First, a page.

January 01, 2013

 

 Obituaries

Posted on December 13, 2012

AVMA member
AVMA honor roll member
Nonmember


Robert K. Anderson
Dr. Anderson (COL ’44), 90, Falcon Heights, Minn., died Oct. 19, 2012. One of the foremost animal behaviorists in the world, he was the founder and chairman emeritus of the Animal Behavior Resources Institute, professor emeritus at the University of Minnesota College of Veterinary Medicine, and co-inventor of the Gentle Leader Headcollar and Easy Walk Harness. Following graduation, Dr. Anderson served in the Navy. After World War II, he joined the city of Denver’s Department of Health and Hospitals as director of the veterinary public health program. In 1950, Dr. Anderson earned his master’s in public health from the University of Michigan. He then returned to Denver, and as chief of the city’s veterinary public health services, he established the first rabies-control program, which became the model for similar programs in the United States and abroad.

Dr. Anderson joined the faculty of the University of Minnesota in 1956. During his tenure, he served as a professor of veterinary medicine and public health, was the first director of the veterinary public health program in the School of Public Health, served as associate dean of the College of Veterinary Medicine for six years, and co-founded and directed the Center to Study Human-Animal Relationships and Environment. Dr. Anderson also conducted research on brucellosis, helping to distinguish between vaccinal antibodies and antibodies due to infection. A member of the National Brucellosis Technical Commission, his work in brucellosis assisted the Department of Agriculture in differentiating between infected animals and those that had been vaccinated.

Dr. Anderson was a charter diplomate of the American College of Veterinary Behaviorists and a distinguished diplomate of the American College of Veterinary Preventive Medicine. He helped establish what is now known as Pet Partners, an organization that enlists therapy, service, and companion animals to improve human health. Dr. Anderson founded the Animal Behavior Resources Institute in 2006, using Internet videos and interviews to help professionals and clients solve animal behavioral problems. He was a past director of the American Humane Association and founded the veterinary public health section of the American Public Health Association. Dr. Anderson was a past member of the AVMA Council on Education, AVMA Committee on the Human-Animal Bond, and AVMA Council on Public Health and Regulatory Veterinary Medicine.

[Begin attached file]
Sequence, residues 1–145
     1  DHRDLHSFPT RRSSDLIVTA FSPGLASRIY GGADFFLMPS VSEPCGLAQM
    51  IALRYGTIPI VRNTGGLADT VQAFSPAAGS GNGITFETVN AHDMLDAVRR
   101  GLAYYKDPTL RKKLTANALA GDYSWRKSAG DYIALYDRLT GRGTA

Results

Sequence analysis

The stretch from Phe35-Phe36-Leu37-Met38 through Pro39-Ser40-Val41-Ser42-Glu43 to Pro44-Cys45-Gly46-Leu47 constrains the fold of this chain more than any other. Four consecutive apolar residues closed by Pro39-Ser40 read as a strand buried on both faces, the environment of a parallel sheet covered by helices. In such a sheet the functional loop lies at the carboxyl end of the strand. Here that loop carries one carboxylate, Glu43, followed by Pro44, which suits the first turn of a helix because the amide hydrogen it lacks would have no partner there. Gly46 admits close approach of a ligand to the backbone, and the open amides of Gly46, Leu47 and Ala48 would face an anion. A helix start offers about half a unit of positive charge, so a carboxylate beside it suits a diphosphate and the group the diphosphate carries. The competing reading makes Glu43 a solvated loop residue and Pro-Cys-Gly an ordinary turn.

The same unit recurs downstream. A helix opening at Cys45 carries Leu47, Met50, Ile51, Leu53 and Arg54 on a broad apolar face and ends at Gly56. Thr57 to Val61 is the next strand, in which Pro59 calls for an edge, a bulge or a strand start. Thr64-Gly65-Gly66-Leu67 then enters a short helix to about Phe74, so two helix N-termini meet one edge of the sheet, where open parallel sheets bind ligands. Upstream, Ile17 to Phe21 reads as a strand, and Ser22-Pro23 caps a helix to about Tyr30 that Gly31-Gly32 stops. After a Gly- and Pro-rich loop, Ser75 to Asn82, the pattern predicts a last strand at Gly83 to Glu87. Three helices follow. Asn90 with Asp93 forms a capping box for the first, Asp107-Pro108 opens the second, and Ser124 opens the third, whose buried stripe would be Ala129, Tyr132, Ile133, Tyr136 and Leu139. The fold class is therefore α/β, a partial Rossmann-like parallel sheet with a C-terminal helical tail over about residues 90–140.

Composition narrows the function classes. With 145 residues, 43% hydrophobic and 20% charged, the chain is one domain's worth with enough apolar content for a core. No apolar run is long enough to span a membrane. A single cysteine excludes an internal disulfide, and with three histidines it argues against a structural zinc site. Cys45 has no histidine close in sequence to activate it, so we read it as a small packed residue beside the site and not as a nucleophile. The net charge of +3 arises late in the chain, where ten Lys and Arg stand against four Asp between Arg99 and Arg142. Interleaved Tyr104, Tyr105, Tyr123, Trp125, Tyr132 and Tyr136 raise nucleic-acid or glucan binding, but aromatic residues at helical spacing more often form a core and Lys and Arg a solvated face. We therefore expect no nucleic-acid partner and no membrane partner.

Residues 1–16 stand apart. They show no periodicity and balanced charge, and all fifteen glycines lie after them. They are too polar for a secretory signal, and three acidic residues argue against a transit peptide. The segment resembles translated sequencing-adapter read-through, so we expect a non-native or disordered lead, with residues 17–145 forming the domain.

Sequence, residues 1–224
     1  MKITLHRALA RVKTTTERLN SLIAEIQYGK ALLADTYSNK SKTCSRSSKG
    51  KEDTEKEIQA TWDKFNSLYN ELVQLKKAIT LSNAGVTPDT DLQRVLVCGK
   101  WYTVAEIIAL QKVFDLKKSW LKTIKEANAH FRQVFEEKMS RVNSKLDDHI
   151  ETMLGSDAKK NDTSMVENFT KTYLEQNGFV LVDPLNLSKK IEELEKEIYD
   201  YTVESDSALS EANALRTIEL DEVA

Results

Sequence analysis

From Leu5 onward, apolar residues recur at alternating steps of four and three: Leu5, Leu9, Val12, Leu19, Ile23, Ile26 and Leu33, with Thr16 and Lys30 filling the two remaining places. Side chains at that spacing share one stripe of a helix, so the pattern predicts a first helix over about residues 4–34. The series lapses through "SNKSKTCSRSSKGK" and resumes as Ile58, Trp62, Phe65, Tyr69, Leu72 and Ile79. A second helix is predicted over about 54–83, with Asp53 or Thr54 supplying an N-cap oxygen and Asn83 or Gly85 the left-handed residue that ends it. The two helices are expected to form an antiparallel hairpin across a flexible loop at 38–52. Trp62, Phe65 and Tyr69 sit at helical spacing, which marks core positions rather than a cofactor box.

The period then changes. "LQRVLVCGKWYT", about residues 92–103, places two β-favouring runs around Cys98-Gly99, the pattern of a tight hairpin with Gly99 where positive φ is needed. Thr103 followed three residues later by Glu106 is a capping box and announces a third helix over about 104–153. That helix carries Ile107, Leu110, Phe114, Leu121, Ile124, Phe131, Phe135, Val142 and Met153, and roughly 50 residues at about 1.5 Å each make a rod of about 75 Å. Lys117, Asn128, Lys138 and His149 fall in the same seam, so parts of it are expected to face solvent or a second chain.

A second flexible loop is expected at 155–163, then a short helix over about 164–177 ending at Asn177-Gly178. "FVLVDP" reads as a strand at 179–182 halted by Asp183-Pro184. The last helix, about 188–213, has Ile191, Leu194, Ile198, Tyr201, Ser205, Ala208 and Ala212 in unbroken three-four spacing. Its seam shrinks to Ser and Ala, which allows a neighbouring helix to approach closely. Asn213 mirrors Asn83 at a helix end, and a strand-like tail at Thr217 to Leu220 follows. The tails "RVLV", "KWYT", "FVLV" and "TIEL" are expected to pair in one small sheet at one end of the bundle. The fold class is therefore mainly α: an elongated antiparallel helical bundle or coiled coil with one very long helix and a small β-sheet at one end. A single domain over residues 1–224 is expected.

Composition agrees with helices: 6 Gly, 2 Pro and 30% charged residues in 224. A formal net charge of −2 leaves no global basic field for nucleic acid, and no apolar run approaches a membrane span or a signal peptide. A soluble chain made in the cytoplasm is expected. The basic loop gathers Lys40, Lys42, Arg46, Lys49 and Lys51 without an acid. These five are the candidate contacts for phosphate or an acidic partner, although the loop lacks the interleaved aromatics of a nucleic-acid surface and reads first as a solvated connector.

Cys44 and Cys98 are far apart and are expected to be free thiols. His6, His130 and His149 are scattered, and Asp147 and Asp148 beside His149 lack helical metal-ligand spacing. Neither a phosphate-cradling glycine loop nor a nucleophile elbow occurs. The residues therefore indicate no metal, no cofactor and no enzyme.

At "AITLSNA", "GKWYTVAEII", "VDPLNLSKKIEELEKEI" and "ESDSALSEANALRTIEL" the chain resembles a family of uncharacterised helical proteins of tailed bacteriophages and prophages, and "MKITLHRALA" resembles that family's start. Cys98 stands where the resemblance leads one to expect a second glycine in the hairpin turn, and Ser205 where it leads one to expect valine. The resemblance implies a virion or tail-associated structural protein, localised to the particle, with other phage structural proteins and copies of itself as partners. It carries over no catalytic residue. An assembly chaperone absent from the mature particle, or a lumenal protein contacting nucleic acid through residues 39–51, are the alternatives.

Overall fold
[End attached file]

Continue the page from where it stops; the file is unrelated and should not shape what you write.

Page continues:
He was named Minnesota Veterinarian of the Year in 1977 and received the Award of Recognition from the Association of Teachers of Veterinary Public Health and Preventive Medicine in 1982. In 1987, Dr. Anderson was the second recipient of the Bustad Companion Animal Veterinarian Award. The ATVPHPM honored Dr. Anderson with the Michael J. McCulloch Award for contributions in research, teaching, and service related to the human-animal bond in 1992. He received the MVMA Distinguished Service Award in 1998 and the AHA Waco F. Childers Award for his contributions to humane ideals in 2000. The ACVB presented the R.K. Anderson Award to a resident in an approved behavior program at its 2005 annual meeting, and the University of Minnesota honored him on its Wall of Discovery with the display of the Gentle Leader Headcollar in 2006. In 2007, the Morris Animal Foundation established the R.K. Anderson Endowment Fund for Research on Improving the Behavior of Companion Animals.

Dr. Anderson is survived by his longtime companion, Marlys Giesecke, and three sons.

Melvin R. Calliham
Dr. Calliham (TEX ’49), 92, Bryan, Texas, died Aug. 19, 2012. He was professor emeritus of veterinary large animal medicine and surgery at the Texas A&M University College of Veterinary Medicine & Biomedical Sciences since 1984 and former head of the college’s Department of Veterinary Medicine and Surgery. Following graduation, Dr. Calliham was briefly in mixed animal practice before joining the Texas Agricultural Experiment Station as an associate veterinarian and project manager at Pan Tech Research Farms near Amarillo. In 1952, he became head of the Department of Agriculture at West Texas State College. Dr. Calliham was named head of TAMU-CVM’s Department of Veterinary Medicine and Surgery in 1958. He also served as director of the university’s Veterinary Medical Teaching Hospital.

Dr. Calliham was a past president of the Panhandle and Brazos Valley VMAs; served on the board of directors of the Texas VMA; was a member of the American Association of Veterinary Clinicians, American Society of Animal Science, and American Animal Hospital Association; and served as executive secretary of the American Beef Cattle Performance Registry Association. He was active with the 4-H Club and the National FFA Organization and was a member of the Lions and Rotary clubs. Dr. Calliham served in the Army Air Corps from 1941-1946, attaining the rank of major. His wife, Frances; three daughters; and a son survive him. Memorials toward a veterinary medical scholarship fund may be made to the Texas A&M Foundation, College of Veterinary Medicine, Office of the Dean, 4461 TAMU, College Station, TX 77843.

Melissa A. De Witt-Larson